Saturday, December 15, 2012

Founding KISS Drummer Peter Criss Tells Story Of Survival In Memoir, 'Makeup To Breakup'

A gun in the mouth — it's a terrible way to end a life, but a great way to begin a book.

Founding Kiss drummer Peter Criss closed his lips around a .357 Magnum when things looked most bleak: in the immediate aftermath of a 1994 earthquake. Criss' life was already a disaster — he was a twice-divorced drug casualty who exhausted the fortune he made with Kiss, a band he was no longer in — when his world began to shake, rattle and roll.

"I was sitting in a Hollywood dump in shambles," recalls Criss during a recent call.

"Carjacked; everything gone; 100 grand in a shoebox; gold records broken on the floor; nothing left. I owed the IRS. I thought, 'My God, I really mean it this time.' I was gonna check out."

Criss uses the incident to open his new memoir, co-written with Larry "Ratso" Sloman, "Makeup to Breakup: My Life in and Out of Kiss" ($26, Scribner).

Says the musician: "I had a lot of time by myself, thinking: What was the lowest part of my life? It had to be the earthquake. I thought, 'Holy mackerel, if I start here, at the bottom of the bucket, then who cannot turn the page and see what I did next?'"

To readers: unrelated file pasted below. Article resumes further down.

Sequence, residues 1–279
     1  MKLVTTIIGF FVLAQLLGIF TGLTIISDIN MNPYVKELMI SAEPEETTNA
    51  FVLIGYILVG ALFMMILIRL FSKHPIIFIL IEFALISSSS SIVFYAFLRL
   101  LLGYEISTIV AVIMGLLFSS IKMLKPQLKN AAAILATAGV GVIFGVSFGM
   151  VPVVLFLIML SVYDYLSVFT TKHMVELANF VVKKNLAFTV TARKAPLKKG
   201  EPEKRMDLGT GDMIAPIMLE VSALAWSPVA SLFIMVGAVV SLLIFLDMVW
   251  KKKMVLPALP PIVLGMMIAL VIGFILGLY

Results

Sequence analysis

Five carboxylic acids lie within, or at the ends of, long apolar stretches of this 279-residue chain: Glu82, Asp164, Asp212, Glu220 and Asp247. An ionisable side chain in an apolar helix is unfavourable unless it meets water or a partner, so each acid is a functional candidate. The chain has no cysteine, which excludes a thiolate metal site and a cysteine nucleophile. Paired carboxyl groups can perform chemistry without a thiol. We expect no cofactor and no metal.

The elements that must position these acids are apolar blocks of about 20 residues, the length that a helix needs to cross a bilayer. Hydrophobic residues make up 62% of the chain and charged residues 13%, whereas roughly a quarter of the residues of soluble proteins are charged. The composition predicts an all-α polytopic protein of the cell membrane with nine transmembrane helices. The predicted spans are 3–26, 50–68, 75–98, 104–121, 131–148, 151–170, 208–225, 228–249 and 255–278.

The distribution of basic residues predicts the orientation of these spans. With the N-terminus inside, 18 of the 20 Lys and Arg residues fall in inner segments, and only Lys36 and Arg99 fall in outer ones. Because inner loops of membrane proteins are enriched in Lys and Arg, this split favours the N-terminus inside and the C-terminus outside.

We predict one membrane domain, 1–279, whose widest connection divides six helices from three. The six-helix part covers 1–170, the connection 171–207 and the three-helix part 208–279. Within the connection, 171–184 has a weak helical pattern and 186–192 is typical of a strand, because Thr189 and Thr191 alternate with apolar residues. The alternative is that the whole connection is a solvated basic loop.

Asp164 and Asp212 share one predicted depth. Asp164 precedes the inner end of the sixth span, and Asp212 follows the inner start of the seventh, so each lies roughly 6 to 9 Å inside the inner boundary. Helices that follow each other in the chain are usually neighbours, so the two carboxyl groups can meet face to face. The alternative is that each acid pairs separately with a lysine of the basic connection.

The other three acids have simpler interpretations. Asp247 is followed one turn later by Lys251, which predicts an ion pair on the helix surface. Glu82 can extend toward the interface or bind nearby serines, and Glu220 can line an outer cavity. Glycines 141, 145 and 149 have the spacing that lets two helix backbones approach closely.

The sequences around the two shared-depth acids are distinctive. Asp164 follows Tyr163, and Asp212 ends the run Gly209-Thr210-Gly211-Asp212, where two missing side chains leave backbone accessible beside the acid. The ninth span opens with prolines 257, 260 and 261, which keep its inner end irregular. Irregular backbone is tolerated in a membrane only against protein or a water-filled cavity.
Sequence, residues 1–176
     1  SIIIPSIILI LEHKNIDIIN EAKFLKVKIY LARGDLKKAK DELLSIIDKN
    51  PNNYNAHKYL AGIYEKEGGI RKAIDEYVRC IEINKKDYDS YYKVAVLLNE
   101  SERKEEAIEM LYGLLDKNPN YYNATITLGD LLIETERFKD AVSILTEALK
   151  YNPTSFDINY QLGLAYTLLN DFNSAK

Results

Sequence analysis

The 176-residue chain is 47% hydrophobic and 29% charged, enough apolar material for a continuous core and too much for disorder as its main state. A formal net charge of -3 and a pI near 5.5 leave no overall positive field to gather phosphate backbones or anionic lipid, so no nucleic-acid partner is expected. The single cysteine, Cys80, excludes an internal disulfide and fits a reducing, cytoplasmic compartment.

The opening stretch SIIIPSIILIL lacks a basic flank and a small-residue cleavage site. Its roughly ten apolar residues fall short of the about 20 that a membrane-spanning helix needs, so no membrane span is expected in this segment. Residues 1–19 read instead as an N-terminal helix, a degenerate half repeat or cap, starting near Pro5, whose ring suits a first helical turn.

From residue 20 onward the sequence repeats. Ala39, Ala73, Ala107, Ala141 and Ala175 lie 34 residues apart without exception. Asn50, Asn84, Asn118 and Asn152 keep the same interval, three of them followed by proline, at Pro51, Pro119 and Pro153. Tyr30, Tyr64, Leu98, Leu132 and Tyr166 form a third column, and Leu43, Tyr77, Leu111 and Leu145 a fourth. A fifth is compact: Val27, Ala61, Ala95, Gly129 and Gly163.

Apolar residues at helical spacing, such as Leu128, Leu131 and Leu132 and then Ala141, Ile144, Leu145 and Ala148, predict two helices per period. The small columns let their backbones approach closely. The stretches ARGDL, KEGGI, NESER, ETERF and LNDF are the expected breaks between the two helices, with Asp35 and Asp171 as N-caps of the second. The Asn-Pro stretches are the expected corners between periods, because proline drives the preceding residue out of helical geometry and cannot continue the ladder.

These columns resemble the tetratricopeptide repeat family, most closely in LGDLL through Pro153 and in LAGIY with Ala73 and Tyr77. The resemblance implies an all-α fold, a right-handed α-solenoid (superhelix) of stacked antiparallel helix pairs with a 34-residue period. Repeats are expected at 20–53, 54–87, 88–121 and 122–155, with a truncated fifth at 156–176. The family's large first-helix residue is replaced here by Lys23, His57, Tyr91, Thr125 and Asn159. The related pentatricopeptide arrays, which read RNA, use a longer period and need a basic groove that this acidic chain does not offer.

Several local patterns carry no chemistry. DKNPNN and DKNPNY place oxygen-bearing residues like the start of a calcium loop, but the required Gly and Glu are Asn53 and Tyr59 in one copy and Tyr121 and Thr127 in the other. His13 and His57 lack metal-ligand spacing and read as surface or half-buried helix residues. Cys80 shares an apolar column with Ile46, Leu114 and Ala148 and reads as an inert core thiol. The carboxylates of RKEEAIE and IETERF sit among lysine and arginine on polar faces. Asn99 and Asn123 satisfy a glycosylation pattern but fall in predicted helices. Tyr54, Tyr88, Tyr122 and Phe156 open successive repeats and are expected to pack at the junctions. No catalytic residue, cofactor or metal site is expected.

Kiss — pancake-and-studs-wearing rockers comprised of guitarists Paul Stanley and Ace Frehley, bassist Gene Simmons and Criss — formed in the '70s and became one of the biggest acts of the decade. Wearing kabuki-influenced makeup — with Criss in a cat-inspired design — the band sold more than 100 million albums and toured with a theatrical stage show that featured pyrotechnics, fire-breathing, tons of confetti and the levitation of Criss' drum kit.

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